1. Accept what is. Sometimes, I have a goal of what I hope to accomplish for the day. Let’s say I’ve decided that I want to make muffins and make a nice supper. But then my kids can’t be together for more than 2 minutes without one of them screaming and I can’t seem to get into a rhythm of settling them and getting some work done. Today they need me more. So I have to adjust my to-do list. Maybe I drop making muffins and simplify my supper plans. I might have a little cry to let it go – but ultimately, our stress decreases as I accept what is needed of me today.

My good friend and I both had first babies who had a hard time falling asleep. We shared stories of settling into the rocking chair with our babies in the evening, feeling energetic and optimistically thinking about what we could accomplish after our babies fell asleep. As the minutes wore on and our babes took a long time to settle, my friend and I would each slowly cross things off our mental list. Our list of what we realized we could accomplish got smaller and smaller. And then, we both realized with a laugh, on many nights, by the time our babies were sleeping peacefully, we were both exhausted and did nothing more than watch a show on Netflix and go to bed.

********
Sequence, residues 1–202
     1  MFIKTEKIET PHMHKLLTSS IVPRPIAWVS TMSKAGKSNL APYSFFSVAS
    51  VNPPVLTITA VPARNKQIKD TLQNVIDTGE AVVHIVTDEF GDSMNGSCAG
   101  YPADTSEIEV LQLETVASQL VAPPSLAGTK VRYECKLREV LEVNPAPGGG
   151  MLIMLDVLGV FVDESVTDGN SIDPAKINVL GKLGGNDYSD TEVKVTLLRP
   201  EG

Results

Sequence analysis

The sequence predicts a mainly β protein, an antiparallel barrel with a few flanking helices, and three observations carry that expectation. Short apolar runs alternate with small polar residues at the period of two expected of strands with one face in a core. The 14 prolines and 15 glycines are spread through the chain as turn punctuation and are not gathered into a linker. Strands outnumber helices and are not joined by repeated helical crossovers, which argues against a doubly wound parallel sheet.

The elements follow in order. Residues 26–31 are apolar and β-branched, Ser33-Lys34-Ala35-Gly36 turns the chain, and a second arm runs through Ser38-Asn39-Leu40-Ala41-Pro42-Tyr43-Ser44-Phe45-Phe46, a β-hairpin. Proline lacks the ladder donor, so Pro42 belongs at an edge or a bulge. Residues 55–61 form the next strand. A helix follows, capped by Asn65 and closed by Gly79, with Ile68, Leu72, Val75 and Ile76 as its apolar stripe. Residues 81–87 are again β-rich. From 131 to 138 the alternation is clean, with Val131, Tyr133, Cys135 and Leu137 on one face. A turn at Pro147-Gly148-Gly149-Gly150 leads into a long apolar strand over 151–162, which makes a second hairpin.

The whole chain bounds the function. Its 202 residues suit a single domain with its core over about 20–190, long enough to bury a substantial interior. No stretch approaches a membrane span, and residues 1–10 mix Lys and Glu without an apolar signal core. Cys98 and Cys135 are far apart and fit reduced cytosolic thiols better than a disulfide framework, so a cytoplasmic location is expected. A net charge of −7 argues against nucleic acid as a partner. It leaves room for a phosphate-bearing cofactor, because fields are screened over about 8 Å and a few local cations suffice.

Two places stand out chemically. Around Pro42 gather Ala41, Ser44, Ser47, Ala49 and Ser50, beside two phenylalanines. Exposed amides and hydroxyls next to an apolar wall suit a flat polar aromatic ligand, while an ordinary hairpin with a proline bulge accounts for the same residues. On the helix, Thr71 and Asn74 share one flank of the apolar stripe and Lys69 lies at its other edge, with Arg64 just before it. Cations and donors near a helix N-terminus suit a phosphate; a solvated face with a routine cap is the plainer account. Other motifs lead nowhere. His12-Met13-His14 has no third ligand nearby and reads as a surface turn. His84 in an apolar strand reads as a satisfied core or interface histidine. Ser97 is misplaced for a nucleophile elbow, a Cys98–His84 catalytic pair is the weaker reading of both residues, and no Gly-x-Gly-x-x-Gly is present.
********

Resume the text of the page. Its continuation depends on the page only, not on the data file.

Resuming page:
1. Take care of your body. I get low blood sugar easily, so one thing I’m careful of through pregnancy, breastfeeding, caring for young kids, working – whatever I’m doing – is to make sure I eat meals on time.

I also go to a chiropractor. It’s a family friendly place that I can take my kids along to. Pregnancy, carrying young kids and not having enough time for exercise do wonky things to our bodies. This is one thing that helps me.

  1. Consider your family balance. Sometimes, our family schedule really is too full. Then we need to make changes to give ourselves the down time and the connecting time that we need.
  2. Sleep. I know. I like to stay up late and have time for myself, too. But I had to say it. It really does make a difference.
  3. Have compassion. Sometimes, when I feel tense and can’t get in the groove, I’m able to soften by just thinking, “What if I trust that what I’m doing is enough?” “What if I trust that how my kids are is enough?” Usually, this thought softens everything enough that shifts happen more easily, and there is more joy. And then it really is enough.


I would love to hear from you. What works to ground you?

cropped-dsc_6867.jpgPhoto by Tanya Hoover. Just a lovely, relaxing photo to end on…hopefully, you get a few moments like this now and then!